Type “Kali-undercover” and get a default window installation. In case you are fascinated with the Kali Linux working framework for hacking and infiltration testing, here we have truly amazing news for you.

Basically, Kali Linux is used for forensics as well as penetration distribution motives. It has more than 600 penetration-testing programs in the operating system. The very first version of Kali Linux, released in the year 2012, can be installed in the hard disk of the computer and straightly booted from a live CD or live USB on a virtual machine.

Kali Linux OS Added Undercover Mode theme for Hackers
Image Via The Hacker News

Finally, new and the final version of Kali Linux 2019.4 was released by offensive security, with some significant changes in the theme. It is entirely transforming in nature such as Xfce desktop to a Windows look-like desktop. It also resolves some issues and bugs.

What’s New?

  • Fix Issues: First of all, some performance issues will be quick gets resolved by the developers in this version and few overhead features also removed that are not beneficial for the user.
  • Undercover theme: The new Undercover theme which turns Kali machine resembles a default Windows installation, and this should be possible by simply composing kali-undercover in the Terminal windows. You can also use and run PowerShell scripts straightly on Kali Linux.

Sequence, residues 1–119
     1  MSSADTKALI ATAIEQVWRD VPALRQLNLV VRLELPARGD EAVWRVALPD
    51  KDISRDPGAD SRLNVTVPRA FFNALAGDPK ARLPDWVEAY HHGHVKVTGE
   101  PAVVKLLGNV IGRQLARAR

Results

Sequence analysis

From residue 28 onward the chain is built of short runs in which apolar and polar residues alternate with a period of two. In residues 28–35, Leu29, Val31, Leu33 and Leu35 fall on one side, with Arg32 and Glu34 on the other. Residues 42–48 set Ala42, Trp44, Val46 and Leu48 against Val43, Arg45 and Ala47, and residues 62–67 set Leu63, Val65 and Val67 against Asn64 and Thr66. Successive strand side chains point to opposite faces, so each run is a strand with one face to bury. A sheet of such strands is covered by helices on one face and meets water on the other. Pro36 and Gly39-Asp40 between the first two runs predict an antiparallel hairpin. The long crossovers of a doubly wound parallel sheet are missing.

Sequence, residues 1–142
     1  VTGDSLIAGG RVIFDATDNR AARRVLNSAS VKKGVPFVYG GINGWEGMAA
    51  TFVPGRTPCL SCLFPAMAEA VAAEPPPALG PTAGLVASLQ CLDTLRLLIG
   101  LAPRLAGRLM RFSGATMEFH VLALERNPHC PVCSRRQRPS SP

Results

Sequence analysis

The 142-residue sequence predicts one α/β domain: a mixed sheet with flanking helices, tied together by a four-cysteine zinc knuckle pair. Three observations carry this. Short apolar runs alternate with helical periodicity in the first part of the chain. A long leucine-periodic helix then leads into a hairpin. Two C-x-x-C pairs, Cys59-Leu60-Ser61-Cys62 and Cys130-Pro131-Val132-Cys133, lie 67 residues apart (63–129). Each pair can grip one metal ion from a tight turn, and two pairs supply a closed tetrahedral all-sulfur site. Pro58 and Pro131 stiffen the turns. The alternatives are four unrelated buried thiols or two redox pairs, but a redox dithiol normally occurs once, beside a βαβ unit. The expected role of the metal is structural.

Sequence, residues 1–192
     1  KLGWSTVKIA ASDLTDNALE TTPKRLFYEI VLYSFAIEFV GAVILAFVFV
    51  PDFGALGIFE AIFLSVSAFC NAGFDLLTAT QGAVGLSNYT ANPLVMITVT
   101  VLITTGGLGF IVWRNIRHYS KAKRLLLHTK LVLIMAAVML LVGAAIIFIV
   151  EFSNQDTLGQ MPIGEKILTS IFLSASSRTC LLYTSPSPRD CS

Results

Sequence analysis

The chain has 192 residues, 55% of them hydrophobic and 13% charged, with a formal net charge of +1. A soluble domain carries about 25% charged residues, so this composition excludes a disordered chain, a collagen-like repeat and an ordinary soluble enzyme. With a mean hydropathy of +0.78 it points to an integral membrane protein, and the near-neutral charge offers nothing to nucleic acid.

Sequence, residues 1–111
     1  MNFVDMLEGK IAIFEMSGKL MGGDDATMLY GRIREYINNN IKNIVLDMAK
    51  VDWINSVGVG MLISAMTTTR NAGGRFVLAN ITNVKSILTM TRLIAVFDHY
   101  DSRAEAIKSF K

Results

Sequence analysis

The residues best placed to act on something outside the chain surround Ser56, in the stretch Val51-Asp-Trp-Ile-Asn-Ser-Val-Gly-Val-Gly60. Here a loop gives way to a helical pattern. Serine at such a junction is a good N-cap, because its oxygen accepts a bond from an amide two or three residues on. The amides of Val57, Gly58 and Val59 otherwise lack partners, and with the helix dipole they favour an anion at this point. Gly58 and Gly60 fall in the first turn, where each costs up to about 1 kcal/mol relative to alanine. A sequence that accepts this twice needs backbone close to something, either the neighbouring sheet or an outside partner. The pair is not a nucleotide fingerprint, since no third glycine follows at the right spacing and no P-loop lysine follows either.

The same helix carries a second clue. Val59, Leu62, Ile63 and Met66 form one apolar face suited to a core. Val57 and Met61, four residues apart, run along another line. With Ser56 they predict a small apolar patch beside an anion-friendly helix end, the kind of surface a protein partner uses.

• Appearance: Further, the appearance has becomes more modern and classy as compared to the traditional one. If one does not like the new Use Interface, then you have an option to switch the theme.
  • BTFRS: it includes a function of BTFRS through which you can take a snapshot of Kali Linux if you’re using it directly on the system.
  • NetHunter Kex: It is introduced to run the Kali Linux on Android Phone by connecting Bluetooth keyboard and mouse.

If you’re using Kali Linux presently, then use the given command: root@kali:~# apt update && apt -y full-upgrade

Afterwards, you need to verify the installation using the command: root@kali:~# grep VERSION /etc/os-release


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